So long as the National Awards were given to what the mainstream filmwallahs dismissed as 'arty' films, not even the media paid much attention to them. But when commercial cinema started muscling in, these Awards suddenly acquired importance for the Bombay industry.
A category for a "film providing wholesome entertainment" was introduced, which is absurd, since it implies that other entries are either not wholesome or not entertaining, thus deepening the art-mainstream divide, which the filmmakers themselves were trying to wipe away. (It's quite another matter that films like Ghayal and Darr won in the 'wholesome' category.)
When Sunny Deol, Aamir Khan, Dimple Kapadia got National Awards, others in Bombay woke up to the possibility of one more award to be won. And since this one has government stamp of approval, it is somehow more prestigious than the regular popular awards.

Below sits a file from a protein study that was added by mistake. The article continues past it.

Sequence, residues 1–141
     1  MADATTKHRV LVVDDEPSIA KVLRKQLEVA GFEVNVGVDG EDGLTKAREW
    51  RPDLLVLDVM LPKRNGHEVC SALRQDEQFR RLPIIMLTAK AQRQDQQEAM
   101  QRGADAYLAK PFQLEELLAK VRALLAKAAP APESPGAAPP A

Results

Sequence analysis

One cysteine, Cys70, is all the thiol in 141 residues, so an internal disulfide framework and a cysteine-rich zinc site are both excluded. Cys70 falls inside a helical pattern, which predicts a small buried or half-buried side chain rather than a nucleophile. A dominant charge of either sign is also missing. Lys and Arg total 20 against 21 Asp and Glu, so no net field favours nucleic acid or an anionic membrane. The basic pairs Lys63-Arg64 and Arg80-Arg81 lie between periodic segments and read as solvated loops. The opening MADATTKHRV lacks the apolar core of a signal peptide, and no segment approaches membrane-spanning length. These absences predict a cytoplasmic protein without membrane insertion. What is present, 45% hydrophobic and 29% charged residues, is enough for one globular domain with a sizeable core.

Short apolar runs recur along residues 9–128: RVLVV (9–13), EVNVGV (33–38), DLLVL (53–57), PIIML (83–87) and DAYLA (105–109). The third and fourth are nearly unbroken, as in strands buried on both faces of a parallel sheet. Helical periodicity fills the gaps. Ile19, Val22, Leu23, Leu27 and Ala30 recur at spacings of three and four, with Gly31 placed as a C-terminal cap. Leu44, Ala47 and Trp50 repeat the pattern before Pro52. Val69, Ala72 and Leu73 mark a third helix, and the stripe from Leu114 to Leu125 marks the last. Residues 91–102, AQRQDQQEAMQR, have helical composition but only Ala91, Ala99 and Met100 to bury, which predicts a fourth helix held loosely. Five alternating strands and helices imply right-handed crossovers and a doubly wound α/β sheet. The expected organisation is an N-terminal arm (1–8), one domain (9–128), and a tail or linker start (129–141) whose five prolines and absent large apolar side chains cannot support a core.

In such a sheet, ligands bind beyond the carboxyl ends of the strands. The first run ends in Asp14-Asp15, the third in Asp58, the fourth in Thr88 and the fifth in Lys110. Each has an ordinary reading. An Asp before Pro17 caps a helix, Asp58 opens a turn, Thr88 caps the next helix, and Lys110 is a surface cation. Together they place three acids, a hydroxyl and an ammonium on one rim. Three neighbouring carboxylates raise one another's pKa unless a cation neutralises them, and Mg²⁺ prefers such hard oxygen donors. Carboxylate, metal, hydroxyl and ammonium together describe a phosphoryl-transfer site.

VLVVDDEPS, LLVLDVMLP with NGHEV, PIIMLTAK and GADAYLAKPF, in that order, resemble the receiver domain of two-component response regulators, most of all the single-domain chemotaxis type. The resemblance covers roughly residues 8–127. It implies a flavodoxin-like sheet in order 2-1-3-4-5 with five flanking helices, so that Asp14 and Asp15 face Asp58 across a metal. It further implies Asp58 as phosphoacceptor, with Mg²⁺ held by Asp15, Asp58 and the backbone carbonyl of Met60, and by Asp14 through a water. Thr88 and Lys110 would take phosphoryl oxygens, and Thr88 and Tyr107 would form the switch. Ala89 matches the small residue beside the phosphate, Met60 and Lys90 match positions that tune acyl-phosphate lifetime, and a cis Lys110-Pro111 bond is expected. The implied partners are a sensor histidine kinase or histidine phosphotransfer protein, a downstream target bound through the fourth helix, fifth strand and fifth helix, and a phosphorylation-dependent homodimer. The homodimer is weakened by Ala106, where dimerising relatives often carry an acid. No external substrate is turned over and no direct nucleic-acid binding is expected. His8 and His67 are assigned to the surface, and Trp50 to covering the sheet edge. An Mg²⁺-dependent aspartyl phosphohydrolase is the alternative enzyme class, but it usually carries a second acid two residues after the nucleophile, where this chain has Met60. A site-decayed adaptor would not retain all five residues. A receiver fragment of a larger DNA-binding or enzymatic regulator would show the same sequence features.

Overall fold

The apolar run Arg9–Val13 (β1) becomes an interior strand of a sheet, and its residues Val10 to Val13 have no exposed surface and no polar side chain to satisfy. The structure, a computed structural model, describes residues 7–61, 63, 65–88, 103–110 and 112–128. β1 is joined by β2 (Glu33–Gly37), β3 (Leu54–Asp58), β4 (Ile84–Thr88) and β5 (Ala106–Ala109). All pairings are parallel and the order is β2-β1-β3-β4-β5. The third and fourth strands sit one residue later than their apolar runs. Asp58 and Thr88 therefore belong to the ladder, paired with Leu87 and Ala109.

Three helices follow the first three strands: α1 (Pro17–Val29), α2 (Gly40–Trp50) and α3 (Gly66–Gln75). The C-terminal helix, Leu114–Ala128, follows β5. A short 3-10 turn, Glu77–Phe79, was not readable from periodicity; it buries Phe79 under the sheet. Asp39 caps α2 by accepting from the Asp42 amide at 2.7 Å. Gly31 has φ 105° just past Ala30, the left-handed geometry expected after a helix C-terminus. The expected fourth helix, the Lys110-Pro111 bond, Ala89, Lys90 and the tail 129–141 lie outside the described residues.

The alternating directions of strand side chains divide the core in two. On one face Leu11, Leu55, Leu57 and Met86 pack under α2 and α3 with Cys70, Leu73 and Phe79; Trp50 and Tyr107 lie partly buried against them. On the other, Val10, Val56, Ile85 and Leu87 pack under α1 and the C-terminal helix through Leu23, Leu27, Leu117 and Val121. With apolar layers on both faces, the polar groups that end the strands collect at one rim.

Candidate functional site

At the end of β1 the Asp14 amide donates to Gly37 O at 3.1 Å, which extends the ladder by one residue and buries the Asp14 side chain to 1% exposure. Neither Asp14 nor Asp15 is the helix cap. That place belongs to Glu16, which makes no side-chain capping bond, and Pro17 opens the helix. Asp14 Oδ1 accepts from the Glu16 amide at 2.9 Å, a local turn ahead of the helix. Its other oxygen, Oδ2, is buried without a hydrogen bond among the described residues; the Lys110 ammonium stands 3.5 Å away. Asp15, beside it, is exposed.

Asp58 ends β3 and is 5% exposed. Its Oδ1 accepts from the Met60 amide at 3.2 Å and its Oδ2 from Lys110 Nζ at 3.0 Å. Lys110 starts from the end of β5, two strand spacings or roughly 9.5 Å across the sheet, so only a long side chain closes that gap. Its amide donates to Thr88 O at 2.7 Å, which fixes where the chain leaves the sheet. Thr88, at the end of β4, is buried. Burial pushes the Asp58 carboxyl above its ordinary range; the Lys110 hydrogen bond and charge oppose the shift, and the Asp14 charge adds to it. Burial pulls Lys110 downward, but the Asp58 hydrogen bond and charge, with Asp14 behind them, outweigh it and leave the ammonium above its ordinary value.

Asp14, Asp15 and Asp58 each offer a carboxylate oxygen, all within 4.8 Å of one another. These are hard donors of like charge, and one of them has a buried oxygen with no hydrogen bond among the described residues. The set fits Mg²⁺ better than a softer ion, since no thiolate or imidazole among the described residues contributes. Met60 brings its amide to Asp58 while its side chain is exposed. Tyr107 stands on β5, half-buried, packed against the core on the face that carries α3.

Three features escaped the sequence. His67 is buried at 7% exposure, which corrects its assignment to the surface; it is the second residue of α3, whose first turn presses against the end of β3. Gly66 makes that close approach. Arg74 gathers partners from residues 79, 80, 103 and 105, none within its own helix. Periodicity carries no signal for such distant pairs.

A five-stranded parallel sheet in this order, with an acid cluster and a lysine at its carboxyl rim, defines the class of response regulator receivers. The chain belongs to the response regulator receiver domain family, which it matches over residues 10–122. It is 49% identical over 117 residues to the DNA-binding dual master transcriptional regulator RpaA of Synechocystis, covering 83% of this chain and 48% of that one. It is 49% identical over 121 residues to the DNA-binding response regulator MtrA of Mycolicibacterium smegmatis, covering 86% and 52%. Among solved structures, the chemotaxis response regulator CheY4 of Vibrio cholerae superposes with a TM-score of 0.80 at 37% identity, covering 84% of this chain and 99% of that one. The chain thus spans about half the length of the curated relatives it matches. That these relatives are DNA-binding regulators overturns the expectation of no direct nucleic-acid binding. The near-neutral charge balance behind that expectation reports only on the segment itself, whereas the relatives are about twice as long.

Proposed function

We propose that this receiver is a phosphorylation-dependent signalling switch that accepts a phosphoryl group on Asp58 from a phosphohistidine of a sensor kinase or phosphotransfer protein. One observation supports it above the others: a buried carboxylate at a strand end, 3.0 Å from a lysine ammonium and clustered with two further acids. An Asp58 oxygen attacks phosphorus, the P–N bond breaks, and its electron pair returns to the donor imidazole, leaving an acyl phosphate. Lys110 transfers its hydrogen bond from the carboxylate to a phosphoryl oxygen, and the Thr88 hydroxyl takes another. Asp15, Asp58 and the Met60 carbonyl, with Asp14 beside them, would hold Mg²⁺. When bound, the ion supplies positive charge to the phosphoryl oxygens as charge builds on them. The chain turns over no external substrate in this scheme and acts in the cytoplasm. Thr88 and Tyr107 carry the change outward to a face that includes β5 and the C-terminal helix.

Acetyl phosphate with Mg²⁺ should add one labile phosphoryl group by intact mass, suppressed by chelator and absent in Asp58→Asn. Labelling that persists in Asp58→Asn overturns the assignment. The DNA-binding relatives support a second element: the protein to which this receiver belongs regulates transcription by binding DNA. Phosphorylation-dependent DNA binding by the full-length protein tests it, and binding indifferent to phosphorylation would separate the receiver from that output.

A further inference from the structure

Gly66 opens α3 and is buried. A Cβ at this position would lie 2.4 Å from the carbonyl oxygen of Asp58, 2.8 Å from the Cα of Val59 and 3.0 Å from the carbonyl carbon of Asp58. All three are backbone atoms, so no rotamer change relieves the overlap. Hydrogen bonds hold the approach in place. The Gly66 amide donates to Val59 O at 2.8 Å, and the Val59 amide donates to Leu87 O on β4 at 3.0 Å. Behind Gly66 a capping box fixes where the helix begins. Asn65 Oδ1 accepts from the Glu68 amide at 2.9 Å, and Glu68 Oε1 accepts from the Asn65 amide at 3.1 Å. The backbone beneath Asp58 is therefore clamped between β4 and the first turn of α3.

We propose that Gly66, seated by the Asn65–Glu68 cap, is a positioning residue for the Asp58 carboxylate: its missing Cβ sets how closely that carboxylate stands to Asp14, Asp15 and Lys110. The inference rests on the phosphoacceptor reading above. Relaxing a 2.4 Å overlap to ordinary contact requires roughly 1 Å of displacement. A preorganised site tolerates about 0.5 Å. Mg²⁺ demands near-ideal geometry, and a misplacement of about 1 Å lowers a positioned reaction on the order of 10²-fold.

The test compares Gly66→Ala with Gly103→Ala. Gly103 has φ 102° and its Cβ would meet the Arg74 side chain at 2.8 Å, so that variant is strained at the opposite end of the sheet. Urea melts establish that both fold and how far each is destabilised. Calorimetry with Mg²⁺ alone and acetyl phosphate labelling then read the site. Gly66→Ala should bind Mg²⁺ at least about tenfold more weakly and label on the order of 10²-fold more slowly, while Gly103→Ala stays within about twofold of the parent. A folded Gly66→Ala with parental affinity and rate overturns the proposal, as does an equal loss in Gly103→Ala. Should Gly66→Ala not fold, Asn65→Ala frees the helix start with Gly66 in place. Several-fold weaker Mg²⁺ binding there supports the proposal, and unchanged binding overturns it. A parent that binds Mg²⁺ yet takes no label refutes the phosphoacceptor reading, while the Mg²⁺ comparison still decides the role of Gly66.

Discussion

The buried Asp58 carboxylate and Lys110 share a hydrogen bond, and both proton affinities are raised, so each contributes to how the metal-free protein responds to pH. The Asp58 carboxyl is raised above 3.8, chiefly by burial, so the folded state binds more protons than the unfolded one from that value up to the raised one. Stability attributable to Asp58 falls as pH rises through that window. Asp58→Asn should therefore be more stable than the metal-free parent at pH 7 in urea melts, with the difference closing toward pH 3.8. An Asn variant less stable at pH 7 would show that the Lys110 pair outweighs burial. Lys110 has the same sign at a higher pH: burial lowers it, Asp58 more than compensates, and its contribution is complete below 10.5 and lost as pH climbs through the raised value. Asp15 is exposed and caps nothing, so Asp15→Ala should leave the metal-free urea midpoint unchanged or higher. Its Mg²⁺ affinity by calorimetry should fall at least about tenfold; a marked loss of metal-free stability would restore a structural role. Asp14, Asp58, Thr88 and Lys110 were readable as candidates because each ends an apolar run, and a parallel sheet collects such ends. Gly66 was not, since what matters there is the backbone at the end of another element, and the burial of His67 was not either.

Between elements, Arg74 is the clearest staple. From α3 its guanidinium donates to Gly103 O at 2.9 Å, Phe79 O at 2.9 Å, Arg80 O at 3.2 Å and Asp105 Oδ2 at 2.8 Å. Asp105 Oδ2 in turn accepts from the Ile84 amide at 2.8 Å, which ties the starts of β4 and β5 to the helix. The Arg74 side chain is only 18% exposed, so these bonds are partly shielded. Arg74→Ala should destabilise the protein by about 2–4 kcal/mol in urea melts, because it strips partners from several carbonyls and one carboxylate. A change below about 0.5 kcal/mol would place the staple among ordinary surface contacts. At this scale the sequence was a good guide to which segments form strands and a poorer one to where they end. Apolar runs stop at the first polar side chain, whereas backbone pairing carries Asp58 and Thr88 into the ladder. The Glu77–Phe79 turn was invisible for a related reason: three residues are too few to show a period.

When Tabu and Karisma Kapoor bagged one each, everybody in Bombay felt it was something worth adding to their collection. It became a me-too thing to be hankered after, yet another bauble to garnish a star ego.
Commercial filmmakers who for years did not enter their films for the National Awards, now started diligently sending their entries. Shabana Azmi recalls how the producer of Arth had to be pushed into entering the film. And it was done most reluctantly, because a National Award win meant conclusive proof that a film was 'arty' and hence box office poison.